Art Works Blog

Spotlight on Sierra Rep

The full cast of The Laramie Project. Directed by Kirsten Brandt, set design by Dennis Jones, and lighting design Joanna Hobbs. Photo courtesy of Sierra Repertory Theatre, Rich Miller Photography

In many ways, the Sierra Repertory Theatre boasts that type of dream big, work hard, all-American story that we all relish. In the 1970s, five twentysomethings became friendly while performing summer stock shows at the Fallon House Theatre in rural Columbia, California, roughly 140 miles outside of San Francisco. Once the season ended, they went their separate ways but stayed in touch, all the while nurturing a shared dream of one day starting a company of their own.

It wouldn’t be until a few years later that the group would take the plunge and begin setting up a theater in Sonora, about 20 minutes from where they first met. They had only a vague business plan, little if any outside capital, and only themselves to rely on for construction of the actual performance space. “We were young and foolish, and had nothing to lose really,” said Sara Jones, one of Sierra Rep’s original founders, and current managing director of the not-for-profit.

The five friends moved into a single house, with two working full-time jobs to support the other three as they devoted themselves to mapping out the organization. Forms were filed, funds were raised by selling “potential season tickets to this potential theater,” Jones said, and an old warehouse was converted, screw by screw, into the 99-seat East Sonora Theatre.

Amanda Galang and Dakota Cox in a production of The King and I. Directed by Scott Viets and costume design by Peggy McKowen. Photo courtesy of Sierra Repertory Theatre, Rich Miller Photography

When Sierra Rep’s doors opened on February 29, 1980, with a production of Dracula, it marked the area’s first experience with year-round theater. Since then, the company has expanded from a $12,000 budget to $1.5 million, and in 1997, it became the resident company of the historic Fallon House, where the group had first met. Between the Fallon House and East Sonora, which was renovated in 1991, Sierra Rep puts on nearly 300 performances a year. In 2011, 42,000 tickets were sold, an impressive number considering Toloumne County, where both theaters are located, is only home to 55,000 people.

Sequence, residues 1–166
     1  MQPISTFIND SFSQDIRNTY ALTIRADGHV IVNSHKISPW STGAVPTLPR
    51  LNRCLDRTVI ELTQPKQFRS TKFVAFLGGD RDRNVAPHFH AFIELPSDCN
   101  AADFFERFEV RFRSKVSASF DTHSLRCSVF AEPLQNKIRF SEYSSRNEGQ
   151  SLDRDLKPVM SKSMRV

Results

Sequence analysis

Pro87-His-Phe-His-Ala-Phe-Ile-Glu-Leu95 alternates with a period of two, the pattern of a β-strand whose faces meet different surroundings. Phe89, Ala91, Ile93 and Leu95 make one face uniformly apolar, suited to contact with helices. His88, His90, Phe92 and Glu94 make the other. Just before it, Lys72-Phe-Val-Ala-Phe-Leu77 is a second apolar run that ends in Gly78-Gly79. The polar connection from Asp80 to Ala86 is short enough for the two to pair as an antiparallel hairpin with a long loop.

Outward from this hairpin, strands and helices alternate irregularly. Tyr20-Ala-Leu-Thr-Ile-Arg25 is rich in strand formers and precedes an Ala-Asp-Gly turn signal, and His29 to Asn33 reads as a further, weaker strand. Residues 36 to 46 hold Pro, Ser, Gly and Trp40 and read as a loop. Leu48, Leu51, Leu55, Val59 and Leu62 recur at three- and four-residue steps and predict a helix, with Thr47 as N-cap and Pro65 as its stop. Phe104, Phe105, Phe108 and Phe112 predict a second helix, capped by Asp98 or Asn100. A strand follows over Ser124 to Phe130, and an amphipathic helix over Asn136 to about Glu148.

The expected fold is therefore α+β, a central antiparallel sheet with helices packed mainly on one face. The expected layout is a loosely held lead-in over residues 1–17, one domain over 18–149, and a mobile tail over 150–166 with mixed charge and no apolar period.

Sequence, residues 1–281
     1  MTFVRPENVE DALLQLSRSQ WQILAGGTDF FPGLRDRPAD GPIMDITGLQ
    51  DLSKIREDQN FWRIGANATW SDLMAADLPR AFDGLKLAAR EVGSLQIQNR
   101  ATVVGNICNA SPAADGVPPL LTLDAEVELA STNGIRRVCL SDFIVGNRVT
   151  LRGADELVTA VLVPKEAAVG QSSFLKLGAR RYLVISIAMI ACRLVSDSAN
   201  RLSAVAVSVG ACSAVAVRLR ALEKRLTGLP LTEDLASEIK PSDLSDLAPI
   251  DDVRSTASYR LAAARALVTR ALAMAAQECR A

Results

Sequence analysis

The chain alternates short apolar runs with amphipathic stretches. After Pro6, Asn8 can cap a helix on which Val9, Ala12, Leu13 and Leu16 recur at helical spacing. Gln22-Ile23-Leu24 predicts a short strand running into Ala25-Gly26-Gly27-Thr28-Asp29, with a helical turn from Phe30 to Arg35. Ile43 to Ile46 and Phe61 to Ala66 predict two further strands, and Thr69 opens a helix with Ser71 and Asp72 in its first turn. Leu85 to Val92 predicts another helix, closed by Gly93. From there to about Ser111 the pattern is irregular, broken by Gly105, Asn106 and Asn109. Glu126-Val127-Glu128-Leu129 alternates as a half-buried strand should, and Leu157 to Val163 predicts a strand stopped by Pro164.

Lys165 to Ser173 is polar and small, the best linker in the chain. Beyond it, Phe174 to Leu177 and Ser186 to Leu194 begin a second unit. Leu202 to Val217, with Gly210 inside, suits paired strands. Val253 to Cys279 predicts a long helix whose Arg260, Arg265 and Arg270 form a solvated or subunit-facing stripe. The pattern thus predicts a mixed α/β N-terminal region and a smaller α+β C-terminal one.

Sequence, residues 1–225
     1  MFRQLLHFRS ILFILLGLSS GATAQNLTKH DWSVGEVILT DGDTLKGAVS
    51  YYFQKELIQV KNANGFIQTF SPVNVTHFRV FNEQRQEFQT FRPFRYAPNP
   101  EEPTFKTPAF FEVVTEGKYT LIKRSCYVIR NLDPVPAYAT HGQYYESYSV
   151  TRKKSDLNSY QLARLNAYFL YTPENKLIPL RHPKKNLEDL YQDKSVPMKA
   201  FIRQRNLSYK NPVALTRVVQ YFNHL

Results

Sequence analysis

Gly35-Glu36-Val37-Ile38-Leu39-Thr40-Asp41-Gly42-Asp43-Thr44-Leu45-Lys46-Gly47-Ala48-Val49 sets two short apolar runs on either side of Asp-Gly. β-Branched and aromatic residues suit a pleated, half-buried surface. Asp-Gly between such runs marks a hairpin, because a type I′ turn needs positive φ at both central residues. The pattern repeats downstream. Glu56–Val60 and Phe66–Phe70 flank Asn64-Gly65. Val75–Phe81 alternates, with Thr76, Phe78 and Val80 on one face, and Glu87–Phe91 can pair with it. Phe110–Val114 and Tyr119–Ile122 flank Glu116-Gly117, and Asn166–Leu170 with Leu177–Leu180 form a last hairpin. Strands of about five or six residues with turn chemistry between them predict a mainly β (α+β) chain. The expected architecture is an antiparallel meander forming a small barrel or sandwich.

Jones says that many theater patrons come from outside the immediate area as well, bringing with them “destination spending” on things like restaurants and gas. The company has made a concerted effort to showcase the economic impact it has had on the community, highlighting not just the spending it attracts, but the 21 people it employs. Because the community is so small, “[Locals] know we’re here,” Jones said. “They can see that people they know can get a job in the theater.”

This argument has been particularly powerful since the recent economic downturn. California’s Central Valley has been hit hard in terms of unemployment and foreclosures, which in turn has affected Sierra Rep. Programming has been less diverse to focus on popular shows, and attendance has been down. But Jones says that the community has rallied behind them, donating what they can. Last summer, the company drew 500 individual donors, ranging from $5 to $10,000. There are of course national grants as well, including a FY 2011 Challenge America Grant from the NEA.

John C. Brown as Pirelli and Tom Mesmer as Sweeney in Sweeney Todd. Directed and set design by Dennis Jones, and costume design by Jose Maria Martinez Ybarra. Photo courtesy of Sierra Repertory Theatre, Rich Miller Photography

Despite Sierra Rep’s current economic hardships, Jones remains upbeat. “There are so many times every year that I feel extraordinarily lucky to be both doing what we’re doing here, and meeting the artists that we meet and working with them.” For the artists, Jones thinks the company offers an equally special experience, one which some compare to summer camp. Because the area is so geographically isolated, “[Performers] can’t be auditioning at the same time they’re rehearsing. They get to really focus on the production and be in this incredibly beautiful environment.” There’s also the small-town atmosphere that can be a major shift for actors coming from more anonymous metropolitan areas. Locals often house visiting performers in their homes, and Jones said that actors are often recognized around town and commended for their work.

When it comes down to it, it's this same support and familiarity is what sustains the company, founders included. “We really feel like a part of the community in a meaningful way," Jones said. "That’s what it’s all about.”


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